Culture and Sociology of the Nacerima Three of these that illustrate this are teeth brushing as a norm, the hospital as an institution, and medicines as a material good.
Body Rituals Among the Nacirema," by Horace Miner is an article that offers a social look at the American lifestyle. The author steps outside of the American culture and describes how somebody unfamiliar to the culture might describe it. This manages to open the reader's eyes to the fact that the American culture can be seen as just as strange as unfamiliar foreign cultures. The article is based around the concept that the, "fundamental belief underlying the whole system appears to be that the human body is ugly and that its natural tendency is to debility and disease" (Miner). The culture described is based on rituals that attempt to prevent this journey towards debility and disease. The norms, institutions and material goods described are all based on ...
Brushing of the teeth is presented as one of the norms of the culture. This is closely linked to the emphasis on health. As the author says, "The Nacirema have an almost pathological horror of and fascination with the mouth, the condition of which is believed to have a supernatural influence on all social relationships" (Miner). The author takes this to the extreme explaining that, "Were it not for the rituals of the mouth, they believe that their teeth would fall out, their gums bleed, their jaws shrink, their friends desert them, and their lovers reject them" (Miner). The most interesting thing about this presentation of teeth brushing is that it is true - the state of one's teeth is something that impacts on how someone is viewed and has social significance…
Three of these that illustrate this are teeth brushing as a norm, the hospital as an institution, and medicines as a material good.
Like the "box or chest which is built into the wall" ("Body Ritual among the Nacirema, p. 2) in Nacirema homes, Americans spend a great deal of time taking prescription drugs and over the counter remedies into and out of their medicine cabinets. For Americans, these medicine cabinets often have mirrors, a help in scrutinizing their ever-imperfect bodies. The faces and teeth of Americans are washed and brushed in
The Nacirema occupy a broad and diverse geographic zone between Canada, Mexico, and the Caribbean. Their highly developed market economy belies, or perhaps informs, the evolution of elaborate body rituals. The body rituals of the Nacirema are diverse and usually gendered. The underlying assumptions of the Nacirema body rituals are that the human form in its natural, unadulterated or unadorned state, is inherently profane, impure, and aesthetically unpleasing. Therefore, the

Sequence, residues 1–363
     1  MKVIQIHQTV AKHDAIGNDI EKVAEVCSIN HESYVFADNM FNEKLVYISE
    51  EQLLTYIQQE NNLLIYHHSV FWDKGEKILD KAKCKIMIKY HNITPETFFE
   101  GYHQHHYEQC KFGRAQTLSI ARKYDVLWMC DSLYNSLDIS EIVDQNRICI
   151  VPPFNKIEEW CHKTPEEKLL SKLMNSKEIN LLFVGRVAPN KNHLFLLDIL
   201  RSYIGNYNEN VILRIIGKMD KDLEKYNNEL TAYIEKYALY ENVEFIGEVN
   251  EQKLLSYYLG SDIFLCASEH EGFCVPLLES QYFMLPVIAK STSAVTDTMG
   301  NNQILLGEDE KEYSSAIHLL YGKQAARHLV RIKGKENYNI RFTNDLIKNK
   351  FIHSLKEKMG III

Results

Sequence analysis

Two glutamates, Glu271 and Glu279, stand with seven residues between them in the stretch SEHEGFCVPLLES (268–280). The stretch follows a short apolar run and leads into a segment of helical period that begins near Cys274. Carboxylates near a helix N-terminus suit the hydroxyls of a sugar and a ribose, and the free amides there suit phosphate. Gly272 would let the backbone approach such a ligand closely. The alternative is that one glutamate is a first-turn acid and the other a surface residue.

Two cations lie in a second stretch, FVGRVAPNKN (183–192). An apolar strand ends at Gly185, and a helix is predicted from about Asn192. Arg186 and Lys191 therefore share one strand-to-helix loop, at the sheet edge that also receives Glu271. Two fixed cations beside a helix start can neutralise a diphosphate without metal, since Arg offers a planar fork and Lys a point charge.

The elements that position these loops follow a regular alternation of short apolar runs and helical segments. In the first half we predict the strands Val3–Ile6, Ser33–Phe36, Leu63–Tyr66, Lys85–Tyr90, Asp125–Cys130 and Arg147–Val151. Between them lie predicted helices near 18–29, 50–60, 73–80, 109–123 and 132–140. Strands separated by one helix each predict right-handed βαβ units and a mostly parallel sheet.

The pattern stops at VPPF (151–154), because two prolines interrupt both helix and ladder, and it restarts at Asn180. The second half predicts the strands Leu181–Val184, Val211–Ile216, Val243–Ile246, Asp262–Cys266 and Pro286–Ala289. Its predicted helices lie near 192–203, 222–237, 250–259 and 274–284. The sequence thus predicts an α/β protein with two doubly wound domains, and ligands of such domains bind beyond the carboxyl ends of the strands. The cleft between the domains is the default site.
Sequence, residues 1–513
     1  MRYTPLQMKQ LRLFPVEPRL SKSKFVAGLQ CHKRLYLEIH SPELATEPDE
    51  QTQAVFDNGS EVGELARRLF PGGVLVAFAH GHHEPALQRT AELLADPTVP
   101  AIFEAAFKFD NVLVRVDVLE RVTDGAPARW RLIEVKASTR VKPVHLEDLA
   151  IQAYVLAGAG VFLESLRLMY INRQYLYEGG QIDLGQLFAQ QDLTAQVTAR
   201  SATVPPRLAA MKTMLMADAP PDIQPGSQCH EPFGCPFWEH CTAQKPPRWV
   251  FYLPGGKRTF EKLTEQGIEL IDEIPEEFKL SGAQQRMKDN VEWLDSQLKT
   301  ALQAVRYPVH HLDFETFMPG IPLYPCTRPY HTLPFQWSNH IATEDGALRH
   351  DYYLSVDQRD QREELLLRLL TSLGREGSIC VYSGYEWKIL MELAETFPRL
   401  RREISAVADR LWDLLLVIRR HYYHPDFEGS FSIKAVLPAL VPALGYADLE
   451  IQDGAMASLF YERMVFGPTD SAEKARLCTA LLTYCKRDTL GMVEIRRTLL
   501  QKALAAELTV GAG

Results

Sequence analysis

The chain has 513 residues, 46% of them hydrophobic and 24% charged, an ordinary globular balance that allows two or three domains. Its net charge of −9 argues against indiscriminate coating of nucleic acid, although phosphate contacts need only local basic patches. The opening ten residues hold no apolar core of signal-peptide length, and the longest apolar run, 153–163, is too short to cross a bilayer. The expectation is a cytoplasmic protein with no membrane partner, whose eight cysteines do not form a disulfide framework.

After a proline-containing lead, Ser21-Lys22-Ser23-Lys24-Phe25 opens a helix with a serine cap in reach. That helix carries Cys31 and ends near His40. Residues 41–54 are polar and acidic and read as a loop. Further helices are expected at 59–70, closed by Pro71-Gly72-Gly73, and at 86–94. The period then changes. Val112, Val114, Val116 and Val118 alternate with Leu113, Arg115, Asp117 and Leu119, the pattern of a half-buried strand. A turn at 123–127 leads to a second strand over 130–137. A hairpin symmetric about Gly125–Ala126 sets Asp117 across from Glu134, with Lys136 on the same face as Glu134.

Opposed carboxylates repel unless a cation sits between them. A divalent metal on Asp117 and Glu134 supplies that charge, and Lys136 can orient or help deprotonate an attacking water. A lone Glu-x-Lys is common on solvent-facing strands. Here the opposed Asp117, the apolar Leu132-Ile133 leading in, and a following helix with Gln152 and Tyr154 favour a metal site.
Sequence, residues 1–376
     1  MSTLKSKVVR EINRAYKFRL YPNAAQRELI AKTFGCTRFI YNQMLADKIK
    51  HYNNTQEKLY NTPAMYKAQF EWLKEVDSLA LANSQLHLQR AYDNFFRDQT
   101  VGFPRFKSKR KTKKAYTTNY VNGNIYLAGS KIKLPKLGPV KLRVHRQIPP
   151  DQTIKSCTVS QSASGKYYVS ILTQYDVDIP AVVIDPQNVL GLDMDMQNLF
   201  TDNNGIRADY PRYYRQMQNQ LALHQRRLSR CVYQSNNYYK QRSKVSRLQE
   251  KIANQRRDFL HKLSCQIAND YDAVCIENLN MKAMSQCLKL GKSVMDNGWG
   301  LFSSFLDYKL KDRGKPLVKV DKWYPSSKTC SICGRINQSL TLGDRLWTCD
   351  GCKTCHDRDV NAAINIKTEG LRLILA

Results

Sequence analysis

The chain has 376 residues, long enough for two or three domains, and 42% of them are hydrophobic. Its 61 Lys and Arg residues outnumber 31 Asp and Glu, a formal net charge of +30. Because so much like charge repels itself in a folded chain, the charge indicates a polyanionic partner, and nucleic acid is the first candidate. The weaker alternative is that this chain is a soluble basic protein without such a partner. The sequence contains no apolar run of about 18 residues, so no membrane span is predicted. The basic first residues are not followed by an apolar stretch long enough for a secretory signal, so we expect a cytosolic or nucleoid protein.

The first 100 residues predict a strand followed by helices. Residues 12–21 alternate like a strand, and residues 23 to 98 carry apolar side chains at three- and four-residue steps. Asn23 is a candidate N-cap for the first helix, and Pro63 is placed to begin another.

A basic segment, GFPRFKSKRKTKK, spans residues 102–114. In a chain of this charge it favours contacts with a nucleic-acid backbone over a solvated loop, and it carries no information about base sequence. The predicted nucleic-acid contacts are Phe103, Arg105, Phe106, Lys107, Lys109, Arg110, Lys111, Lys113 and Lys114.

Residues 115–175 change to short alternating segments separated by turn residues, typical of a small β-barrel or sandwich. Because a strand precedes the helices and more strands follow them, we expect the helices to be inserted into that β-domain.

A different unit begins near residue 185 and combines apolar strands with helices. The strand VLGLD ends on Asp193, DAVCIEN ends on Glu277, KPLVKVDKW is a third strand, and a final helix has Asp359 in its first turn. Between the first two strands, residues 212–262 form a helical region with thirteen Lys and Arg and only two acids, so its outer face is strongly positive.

Bell Curve and Correlational Research Richard J. Herrnstein and Charles Murray, authors of The Bell Curve, have received criticism for their inability to establish the "truth" in their research of intelligence. Rather than using objective tests to determine if their findings were valid (e.g., control groups and follow-up studies; varying conditions; factoring in margin for error), they assumed that their research findings were accurate based on one premise - the IQ
Rituals and Witchcraft Body Ritual among the Nacirema by Horace Miner Different cultures have various ways of looking at the human body and the manifestation of which in the community or society they live in. Some open societies do not mind having people displaying their bodies in public along with accoutrements that add beauty thereto. Other closed societies frown on display of any body parts especially with female members. The Nacirema of
start from the premise that, in some form or other and at some moment or other, people require order and leadership in their lives and, particularly, in their societies. The answer here does not propose to discuss why that is, although, as a general assumption, it may be related to an overall rejection of chaos and what this brings about, especially from what history has taught us about periods
Cultural Observation of Dress Why do all humans engage in the act of dressing the body? Consider how dress relates to both the physical and the social needs of the wearer. Everyone dresses according to social factors and to make themselves more physically appealing to other. This helps them to be seen as hip and enhance their appearance. These variables ensure that the social and individual needs of the person are met.